You might be familiar with a REIT (Real Estate Investment Trust). That’s a company that owns and operates income-producing real estate. REIT shares trade like a stock or a mutual fund. Individual investors can buy and sell REIT shares during regular market hours. It requires minimal cash.

A DST is different in that it requires a minimum investment of $100K with a multi-year time commitment. You can not trade your DST percentage interest like REIT shares.

The big advantage over a REIT is that a DST qualifies as a suitable investment for a 1031 exchange. That’s huge!

It makes DSTs an attractive exit strategy out of direct ownership of real estate with the tremendous benefit of tax deferral.

It’s also another way of portfolio diversification; a hands-off investment into commercial real estate with liability protection.

I have done dozens of 1031 exchanges over the years. However, DSTs are new to me. I’m committed to learn and share. In the future, I will be writing more about DSTs and 1031 exchanges. Stay tuned.



You may call me a Pollyanna. Eventually, an effective and safe vaccine will be available and we will manage to live with the virus. Employment numbers will improve, the broad economy will thrive again, tourism will resume, and rental income will return.

Also, technology companies will continue to innovate and outperform the broader stock market.

I believe that persistence in learning and experimenting pays off. All of us, in combination with external circumstances, are constantly creating the future through our collective activities. Shouldn’t we try and prepare better to create the best future possible?

To broaden my investment approach, I will build a third investment leg diversified into commercial real estate by way of 1031 exchanges into DSTs.

Here is how I expect to benefit:

  • Additional diversification with less management responsibility and more liability protection.
  • It will lighten my overexposure in residential real estate.
  • The 1031 tax deferral is paramount for continued portfolio growth.
  • When rolling the equity into a leveraged DST there is no need to qualify for a new mortgage to avoid the ‘boot’.

How about you?

  • Do you own real estate investments that no longer serve your needs?
  • Have you been reluctant to sell because of the looming tax liability?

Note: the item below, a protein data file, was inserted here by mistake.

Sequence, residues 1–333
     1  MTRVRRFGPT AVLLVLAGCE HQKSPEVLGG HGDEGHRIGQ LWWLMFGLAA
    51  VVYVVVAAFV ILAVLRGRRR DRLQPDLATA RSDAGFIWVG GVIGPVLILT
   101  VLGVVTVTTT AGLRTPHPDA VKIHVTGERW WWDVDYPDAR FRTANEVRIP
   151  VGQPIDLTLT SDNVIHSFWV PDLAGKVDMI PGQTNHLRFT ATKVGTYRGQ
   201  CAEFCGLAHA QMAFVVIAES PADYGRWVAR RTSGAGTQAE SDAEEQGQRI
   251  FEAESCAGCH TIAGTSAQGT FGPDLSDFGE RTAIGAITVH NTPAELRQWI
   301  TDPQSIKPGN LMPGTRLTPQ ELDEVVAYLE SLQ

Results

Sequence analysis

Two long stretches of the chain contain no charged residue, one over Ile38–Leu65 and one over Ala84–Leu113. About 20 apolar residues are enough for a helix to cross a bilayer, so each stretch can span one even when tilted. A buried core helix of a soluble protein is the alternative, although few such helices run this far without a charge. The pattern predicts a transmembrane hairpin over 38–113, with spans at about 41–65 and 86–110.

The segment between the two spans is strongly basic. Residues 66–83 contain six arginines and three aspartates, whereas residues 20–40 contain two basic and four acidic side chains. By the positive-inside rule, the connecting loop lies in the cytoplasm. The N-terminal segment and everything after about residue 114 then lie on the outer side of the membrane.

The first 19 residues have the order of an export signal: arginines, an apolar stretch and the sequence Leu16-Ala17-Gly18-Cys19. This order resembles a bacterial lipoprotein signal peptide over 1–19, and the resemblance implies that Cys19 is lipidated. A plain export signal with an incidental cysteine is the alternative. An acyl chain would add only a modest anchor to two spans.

• Could you benefit from doing a 1031 exchange into a DST?

We don’t just write about this stuff. We are expert realtors specializing in representing buyers and sellers of real estate in any market condition. We can assist you too!  – Contact us when you are ready. We are here to help.  ~ Mahalo & Aloha


Disclaimer:  We are a real estate brokerage selling real estate and not investment securities. History is not an indication of future returns. With important investment decisions, always check with your favorite qualified financial planner, accountant, tax adviser, and attorney.

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2 thoughts on “Confessions Of A Real Estate Investor

  1. Outstanding report, George! Great analysis of the current situation with instructive real-world examples. Glad to learn about DSTs as we have been concerned about the enormous depeciation-recapture tax on our fully depreciated rental condo in Waikiki

    1. Aloha Chuck Lambert!
      Good to hear from you. The depreciation recapture tax and its debilitating effect when growing our portfolios are often underestimated. – I decided years ago never to sell investment property without a 1031 exchange.
      I’m currently in the middle of a 1031 exchange, selling 3 rentals and rolling the equity into a DST. I will post the pros and cons in a future article.
      Let us know if there is anything else we can do for you. We are here to help. Stay safe. ~ Mahalo & Aloha